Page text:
Stránka:tales 1921.djvu/231

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… “then this is your fortune; through the woods and through the woods and out with a crooked stick. If you were less hard to please, you would have better luck; but you will pass many a good man by, and come out with a crooked stick.”

Maybe some of our Woodcraft girls can find an initiation in this. Put it just as the witch did it, but let it be considered a success if the stick is two feet long and nowhere half an inch out of true line. Let me add a Woodcraft proverb which should also have its mead of comfort — The Great Spirit can draw a straight line with a crooked stick.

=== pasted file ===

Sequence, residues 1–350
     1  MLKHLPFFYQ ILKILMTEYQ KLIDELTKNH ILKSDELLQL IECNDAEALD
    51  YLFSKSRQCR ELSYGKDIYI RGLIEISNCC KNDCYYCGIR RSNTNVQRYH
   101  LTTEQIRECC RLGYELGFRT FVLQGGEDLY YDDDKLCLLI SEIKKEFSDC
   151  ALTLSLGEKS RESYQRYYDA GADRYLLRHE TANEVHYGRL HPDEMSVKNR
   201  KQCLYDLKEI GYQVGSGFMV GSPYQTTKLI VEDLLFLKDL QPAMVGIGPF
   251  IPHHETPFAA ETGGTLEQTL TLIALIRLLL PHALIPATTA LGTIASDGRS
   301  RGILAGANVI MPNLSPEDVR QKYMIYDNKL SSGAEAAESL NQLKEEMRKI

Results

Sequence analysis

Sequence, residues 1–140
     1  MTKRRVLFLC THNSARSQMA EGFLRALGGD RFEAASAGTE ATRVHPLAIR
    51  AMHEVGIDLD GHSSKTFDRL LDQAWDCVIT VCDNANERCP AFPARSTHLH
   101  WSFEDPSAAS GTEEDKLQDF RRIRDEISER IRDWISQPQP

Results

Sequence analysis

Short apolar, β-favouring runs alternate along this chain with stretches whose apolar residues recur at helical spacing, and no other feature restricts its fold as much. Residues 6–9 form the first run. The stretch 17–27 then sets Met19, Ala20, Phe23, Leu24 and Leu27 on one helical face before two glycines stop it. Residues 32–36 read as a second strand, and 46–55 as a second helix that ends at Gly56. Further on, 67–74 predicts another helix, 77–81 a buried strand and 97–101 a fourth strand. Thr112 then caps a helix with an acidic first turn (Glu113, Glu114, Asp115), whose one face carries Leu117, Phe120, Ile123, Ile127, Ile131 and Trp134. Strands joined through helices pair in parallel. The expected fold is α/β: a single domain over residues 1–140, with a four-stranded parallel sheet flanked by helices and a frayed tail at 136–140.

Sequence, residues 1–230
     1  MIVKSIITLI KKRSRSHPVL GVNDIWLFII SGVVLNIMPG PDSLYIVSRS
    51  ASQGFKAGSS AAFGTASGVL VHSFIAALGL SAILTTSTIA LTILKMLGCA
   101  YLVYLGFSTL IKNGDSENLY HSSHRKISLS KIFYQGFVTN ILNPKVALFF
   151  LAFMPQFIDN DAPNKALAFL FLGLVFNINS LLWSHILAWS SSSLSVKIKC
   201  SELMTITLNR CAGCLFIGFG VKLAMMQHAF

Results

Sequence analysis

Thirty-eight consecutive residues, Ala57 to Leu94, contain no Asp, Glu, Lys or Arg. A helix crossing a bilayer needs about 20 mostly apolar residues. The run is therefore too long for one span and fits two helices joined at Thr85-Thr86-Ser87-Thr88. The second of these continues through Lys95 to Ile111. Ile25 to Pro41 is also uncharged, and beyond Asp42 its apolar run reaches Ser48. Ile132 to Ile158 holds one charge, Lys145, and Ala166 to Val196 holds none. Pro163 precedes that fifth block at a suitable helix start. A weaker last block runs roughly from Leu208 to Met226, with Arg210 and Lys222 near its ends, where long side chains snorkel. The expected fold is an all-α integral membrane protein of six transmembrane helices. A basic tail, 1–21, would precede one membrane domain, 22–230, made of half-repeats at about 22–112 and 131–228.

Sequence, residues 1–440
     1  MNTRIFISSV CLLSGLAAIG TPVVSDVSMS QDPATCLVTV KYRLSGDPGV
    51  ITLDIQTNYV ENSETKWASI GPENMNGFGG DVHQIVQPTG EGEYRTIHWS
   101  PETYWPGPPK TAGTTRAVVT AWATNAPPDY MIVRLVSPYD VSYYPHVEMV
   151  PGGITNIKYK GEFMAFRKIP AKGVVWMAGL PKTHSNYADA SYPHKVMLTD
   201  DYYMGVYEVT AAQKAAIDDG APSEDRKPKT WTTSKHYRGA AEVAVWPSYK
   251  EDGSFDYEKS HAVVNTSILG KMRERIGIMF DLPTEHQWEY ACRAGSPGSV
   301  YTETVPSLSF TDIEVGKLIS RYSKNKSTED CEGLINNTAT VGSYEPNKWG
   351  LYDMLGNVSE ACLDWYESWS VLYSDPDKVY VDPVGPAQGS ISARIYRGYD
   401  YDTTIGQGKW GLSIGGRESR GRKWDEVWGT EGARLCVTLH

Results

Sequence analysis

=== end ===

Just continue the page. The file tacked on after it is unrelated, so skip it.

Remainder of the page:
The Animal Dance of Nana-bo-jou

For this we need a Nana-bo-jou; that is, a grown-up who can drum and sing. He has a dnun and dnunstick, and a straw or paper club; also two goblins, these are good-sized boys or girls wearing ugly masks, or at least black hoods with two eyeholes, made as hideous as possible; and any number of children, from three or four up, for animals. If each has the marks, colours, etc., of some bird or beast, so much the better.

First, Nana-bo-jou is seen chasing the children around the outside of the circle, trying to catch one to eat; but failing, thinks he’ll try a trick and he says: “Stop, stop, my brothers. Why should we quarrel? Come, let’s hold a council together and I will teach you a new dance.”

The animals whisper together and the Coyote comes forward, barks, then says: “Nana-bo-jou, I am the Coyote. The animals say that they will come to council if you will really make peace and play no tricks.”

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